Peggy Levinson and her husband didn’t need a new house. She wasn’t even looking for one when she happened upon the home where she lives now. Her dog simply had to go for a walk. How was Peggy supposed to know there would be an open house along the way, an open house with a lake she couldn’t resist? The lake, one of a series that meanders through the area, runs from Hillcrest Avenue to Boedeker Street, and its rural-beauty-in-the-big-city charm enchanted Peggy. “I couldn’t believe I was in Dallas,” she says. “It seemed like it was out in the country.”
Peggy convinced her husband, Dana Fuller, that they did, in fact, need the house, which sits just east of Preston Hollow. She sold him on it by promising him it was perfect as is, that they didn’t need to do a thing to it. That’s not exactly what happened, however. With the help of architect Bentley Tibbs and contractor Larry Hartman, the couple embarked on a yearlong renovation.
But that’s not the point. The point is Peggy got her house. And her lake.
Peggy Levinson on the Waterfront03.11
(left) The dining chairs have been with Peggy Levinson for many years and have been re-covered many times. The architectural drawing is an original printing from the 18th century. (right) Like many pieces in the home, the wooden chest is from a warehouse sale.photography by Stephen Karlisch
After all that pesky remodeling, Peggy went to work on the most important part of new home ownership: decorating. “Our old house was very busy, with lots of stuff,” she says. “I wanted the new house to be serene.” So she got rid of most of the “stuff.” The furniture, on the other hand, made the move with Peggy and Dana. “Everything is pretty much leftovers from the old house,” she says. “Nothing goes together. I don’t like things that go together.”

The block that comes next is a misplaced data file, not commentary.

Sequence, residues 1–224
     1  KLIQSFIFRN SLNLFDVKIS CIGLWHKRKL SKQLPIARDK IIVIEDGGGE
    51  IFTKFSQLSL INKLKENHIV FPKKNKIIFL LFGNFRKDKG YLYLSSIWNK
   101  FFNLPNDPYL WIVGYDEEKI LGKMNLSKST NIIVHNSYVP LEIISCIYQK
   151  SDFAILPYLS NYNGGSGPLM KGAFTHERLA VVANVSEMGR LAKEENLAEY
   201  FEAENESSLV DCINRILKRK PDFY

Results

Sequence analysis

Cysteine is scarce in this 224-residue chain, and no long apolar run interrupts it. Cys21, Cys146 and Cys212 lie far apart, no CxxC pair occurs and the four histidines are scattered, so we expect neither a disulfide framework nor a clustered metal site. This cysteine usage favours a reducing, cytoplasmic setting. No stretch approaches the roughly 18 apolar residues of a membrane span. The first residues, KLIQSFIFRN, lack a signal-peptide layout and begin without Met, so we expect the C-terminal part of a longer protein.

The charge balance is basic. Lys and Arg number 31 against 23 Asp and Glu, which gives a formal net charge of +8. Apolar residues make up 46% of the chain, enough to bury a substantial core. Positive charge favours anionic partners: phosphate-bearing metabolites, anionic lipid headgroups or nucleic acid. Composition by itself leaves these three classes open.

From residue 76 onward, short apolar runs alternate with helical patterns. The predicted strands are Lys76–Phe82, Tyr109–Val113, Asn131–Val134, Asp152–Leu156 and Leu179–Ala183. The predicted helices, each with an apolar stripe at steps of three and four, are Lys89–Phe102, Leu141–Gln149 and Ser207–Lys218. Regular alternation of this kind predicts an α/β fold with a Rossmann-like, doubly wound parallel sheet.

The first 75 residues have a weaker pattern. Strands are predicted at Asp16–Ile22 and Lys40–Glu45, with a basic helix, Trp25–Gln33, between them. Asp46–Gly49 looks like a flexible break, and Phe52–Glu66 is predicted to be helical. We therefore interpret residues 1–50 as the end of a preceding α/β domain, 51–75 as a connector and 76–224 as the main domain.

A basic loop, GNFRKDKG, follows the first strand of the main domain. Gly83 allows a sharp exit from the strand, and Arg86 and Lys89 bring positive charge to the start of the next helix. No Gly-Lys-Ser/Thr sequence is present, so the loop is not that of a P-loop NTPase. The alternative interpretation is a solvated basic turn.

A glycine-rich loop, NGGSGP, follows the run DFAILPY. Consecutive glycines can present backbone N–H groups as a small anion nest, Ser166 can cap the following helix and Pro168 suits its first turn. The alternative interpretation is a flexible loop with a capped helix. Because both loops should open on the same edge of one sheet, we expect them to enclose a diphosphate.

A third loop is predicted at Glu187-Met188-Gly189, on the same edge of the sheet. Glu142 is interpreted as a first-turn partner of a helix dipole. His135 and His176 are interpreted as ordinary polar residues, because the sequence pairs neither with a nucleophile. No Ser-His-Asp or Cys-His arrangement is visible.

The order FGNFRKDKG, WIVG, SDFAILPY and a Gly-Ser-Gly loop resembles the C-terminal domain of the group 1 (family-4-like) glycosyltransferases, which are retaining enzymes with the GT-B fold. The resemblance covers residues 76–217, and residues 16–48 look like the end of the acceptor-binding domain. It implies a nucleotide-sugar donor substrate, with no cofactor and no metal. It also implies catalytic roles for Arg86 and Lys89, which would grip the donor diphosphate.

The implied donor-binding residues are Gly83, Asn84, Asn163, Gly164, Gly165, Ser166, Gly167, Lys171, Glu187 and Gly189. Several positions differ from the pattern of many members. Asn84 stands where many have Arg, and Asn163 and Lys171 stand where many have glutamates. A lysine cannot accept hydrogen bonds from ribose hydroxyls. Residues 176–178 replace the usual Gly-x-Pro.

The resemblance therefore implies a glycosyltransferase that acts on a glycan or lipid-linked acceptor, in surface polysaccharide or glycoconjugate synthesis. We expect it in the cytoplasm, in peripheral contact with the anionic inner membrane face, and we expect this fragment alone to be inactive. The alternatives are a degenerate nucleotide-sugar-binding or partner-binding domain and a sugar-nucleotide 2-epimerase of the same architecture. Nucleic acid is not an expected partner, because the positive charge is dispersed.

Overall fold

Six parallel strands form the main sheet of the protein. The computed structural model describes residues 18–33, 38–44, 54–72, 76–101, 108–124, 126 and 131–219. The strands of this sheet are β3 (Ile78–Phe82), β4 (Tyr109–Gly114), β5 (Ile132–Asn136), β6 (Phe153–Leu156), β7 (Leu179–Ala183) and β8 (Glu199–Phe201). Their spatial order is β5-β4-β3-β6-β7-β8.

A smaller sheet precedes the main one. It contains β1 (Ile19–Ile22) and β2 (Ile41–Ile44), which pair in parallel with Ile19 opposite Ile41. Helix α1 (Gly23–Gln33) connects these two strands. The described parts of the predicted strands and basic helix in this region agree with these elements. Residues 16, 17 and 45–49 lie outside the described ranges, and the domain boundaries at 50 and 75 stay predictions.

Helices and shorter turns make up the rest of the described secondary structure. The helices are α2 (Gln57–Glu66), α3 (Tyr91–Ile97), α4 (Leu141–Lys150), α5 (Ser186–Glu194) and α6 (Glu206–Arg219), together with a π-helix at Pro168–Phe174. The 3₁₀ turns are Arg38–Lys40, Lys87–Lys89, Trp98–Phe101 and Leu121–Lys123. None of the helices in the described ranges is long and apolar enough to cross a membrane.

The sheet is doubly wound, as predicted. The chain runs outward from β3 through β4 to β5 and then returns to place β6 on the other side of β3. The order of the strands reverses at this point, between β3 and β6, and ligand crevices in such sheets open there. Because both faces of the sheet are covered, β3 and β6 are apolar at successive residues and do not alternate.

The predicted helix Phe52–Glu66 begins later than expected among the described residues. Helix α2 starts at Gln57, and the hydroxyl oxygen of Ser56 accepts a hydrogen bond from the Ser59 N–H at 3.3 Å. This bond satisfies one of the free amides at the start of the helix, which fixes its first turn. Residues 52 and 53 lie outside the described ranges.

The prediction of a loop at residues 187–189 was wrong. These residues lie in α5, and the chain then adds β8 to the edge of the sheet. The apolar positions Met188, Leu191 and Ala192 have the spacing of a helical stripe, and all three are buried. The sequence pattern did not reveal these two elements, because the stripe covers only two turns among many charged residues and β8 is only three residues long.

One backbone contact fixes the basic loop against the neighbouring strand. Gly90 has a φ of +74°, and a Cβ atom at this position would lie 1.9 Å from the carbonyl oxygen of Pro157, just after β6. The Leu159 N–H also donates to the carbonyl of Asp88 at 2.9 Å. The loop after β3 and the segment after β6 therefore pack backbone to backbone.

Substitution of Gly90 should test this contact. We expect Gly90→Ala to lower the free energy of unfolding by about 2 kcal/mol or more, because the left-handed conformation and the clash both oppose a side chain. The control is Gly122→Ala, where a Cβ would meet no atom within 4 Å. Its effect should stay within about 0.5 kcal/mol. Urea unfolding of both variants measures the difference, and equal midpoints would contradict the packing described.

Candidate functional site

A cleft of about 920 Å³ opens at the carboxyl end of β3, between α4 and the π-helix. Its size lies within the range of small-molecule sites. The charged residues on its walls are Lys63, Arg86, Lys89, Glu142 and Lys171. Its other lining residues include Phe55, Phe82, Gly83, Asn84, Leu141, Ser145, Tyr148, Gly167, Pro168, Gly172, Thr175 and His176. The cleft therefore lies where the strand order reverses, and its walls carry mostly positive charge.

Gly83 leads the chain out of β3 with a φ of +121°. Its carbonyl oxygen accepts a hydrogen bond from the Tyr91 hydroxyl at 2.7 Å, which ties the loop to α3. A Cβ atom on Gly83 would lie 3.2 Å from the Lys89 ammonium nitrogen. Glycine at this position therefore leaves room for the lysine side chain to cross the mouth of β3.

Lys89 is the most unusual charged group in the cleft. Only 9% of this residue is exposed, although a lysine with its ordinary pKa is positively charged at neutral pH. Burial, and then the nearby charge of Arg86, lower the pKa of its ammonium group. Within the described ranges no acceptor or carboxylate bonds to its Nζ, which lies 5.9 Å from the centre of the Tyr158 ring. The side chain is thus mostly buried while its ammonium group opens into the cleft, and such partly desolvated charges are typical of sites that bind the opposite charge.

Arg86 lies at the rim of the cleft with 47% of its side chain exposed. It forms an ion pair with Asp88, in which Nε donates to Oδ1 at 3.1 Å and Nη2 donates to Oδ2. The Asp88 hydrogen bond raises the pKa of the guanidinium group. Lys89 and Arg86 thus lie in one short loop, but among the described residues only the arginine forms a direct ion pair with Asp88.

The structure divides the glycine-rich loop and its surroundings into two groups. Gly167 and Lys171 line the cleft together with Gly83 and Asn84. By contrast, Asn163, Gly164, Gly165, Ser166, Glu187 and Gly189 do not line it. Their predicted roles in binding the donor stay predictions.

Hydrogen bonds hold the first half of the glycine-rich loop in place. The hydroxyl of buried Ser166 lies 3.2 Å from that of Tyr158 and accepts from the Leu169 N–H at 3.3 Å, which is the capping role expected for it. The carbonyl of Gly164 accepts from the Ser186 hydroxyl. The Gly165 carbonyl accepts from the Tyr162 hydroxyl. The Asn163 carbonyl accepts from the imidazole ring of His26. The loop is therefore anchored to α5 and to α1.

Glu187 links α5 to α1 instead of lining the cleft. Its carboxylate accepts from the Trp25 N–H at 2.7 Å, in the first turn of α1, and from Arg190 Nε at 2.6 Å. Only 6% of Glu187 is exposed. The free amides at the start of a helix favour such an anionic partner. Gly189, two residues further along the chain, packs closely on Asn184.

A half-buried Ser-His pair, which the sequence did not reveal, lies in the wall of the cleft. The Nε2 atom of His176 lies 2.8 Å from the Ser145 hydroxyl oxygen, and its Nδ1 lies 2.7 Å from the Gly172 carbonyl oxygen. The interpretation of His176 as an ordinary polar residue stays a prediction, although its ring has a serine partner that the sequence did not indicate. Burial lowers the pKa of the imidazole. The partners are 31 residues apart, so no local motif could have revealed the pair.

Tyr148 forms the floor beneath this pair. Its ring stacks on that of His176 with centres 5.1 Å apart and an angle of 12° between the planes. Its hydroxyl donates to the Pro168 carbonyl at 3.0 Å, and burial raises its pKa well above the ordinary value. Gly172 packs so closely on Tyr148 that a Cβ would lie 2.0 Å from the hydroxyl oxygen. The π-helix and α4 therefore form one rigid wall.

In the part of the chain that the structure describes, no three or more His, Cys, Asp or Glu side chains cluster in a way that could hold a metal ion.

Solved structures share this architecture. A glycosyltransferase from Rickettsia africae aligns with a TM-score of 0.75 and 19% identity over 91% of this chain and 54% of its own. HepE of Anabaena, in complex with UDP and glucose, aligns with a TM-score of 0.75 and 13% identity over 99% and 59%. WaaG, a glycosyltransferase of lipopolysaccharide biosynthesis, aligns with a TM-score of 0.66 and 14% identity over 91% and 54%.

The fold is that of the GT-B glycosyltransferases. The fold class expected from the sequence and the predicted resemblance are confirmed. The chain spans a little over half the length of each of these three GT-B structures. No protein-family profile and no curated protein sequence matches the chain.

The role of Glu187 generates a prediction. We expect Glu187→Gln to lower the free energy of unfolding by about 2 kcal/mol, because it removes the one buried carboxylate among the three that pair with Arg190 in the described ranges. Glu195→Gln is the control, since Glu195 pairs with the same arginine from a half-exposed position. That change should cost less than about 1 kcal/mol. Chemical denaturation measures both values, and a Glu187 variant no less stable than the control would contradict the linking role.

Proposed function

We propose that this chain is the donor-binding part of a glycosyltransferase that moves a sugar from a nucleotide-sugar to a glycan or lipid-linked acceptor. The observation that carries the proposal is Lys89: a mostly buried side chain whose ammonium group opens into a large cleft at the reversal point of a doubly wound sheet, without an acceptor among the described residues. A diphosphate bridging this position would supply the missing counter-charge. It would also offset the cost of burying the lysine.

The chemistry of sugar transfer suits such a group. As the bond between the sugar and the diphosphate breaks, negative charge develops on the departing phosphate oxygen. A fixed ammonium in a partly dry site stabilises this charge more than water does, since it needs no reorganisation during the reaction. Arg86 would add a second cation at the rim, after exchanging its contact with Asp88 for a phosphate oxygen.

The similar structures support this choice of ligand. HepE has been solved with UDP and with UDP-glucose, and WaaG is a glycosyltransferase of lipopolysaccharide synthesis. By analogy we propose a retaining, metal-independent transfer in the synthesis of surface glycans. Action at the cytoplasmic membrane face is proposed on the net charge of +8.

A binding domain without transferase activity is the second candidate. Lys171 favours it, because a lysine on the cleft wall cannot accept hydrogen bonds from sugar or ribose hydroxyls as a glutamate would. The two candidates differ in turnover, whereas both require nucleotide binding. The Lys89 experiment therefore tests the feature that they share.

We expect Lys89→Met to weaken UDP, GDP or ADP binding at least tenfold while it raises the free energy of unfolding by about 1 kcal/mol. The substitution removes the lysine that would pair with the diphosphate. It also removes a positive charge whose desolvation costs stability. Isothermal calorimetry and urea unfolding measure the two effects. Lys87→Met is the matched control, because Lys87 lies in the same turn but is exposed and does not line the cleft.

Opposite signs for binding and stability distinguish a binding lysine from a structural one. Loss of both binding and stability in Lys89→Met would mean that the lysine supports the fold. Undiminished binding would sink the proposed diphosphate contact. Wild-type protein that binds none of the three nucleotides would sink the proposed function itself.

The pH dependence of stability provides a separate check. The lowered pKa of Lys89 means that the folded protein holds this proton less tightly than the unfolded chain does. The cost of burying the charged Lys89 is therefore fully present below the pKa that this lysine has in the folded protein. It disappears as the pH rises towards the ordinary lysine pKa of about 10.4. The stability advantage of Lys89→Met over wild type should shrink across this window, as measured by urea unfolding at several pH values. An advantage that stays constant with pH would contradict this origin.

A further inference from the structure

The couple collected much of the artwork and accessories on their travels through China and Europe. And they purchased most of the furniture from showroom auctions and warehouse sales. Order mistakes, showroom models, discontinued pieces, and going-out-of-business specials fill the house, giving it an eclectic flair.
That mixing of styles is true of Peggy’s home furnishings as well as her choice of designers. Before she was D Home’s design and style editor, a position she’s held since 2005, she owned showrooms in Dallas for 25 years. During those two-plus decades at Boyd Levinson and later Hargett, Peggy met the likes of Neal Stewart, George Cameron Nash, and Stephen Dunn—three markedly different designers who contributed their expertise to her lakefront retreat.
Stewart is known for his modern, streamlined taste; Dunn for his decorative touches and eye for accessorizing; and Nash for his classic, refined, and sophisticated style. You can find the designers’ influences throughout the home. Stewart helped with the floor plan of the house, Dunn helped design the custom headboard in the master bedroom, and Nash suggested adding a mirrored back to the wall-size bookshelves in the main bedroom.
There’s another part of Peggy and Dana’s lives that requires varied styles to mix and mingle: their five grown children. Though they’re all quite different and spread out across the country—from Seattle to Philadelphia—there’s one thing Peggy says they have in common: they all want to come home at the same time.
Five kids—two with spouses and children of their own—means Peggy’s house has to morph into a dormitory-style abode during holidays and special occasions. With nine extra bodies, every room must become a bedroom, she says.
Good thing about that lake. If any more grandchildren come along, maybe Peggy can buy a boathouse.
Styled by Cliff Ellman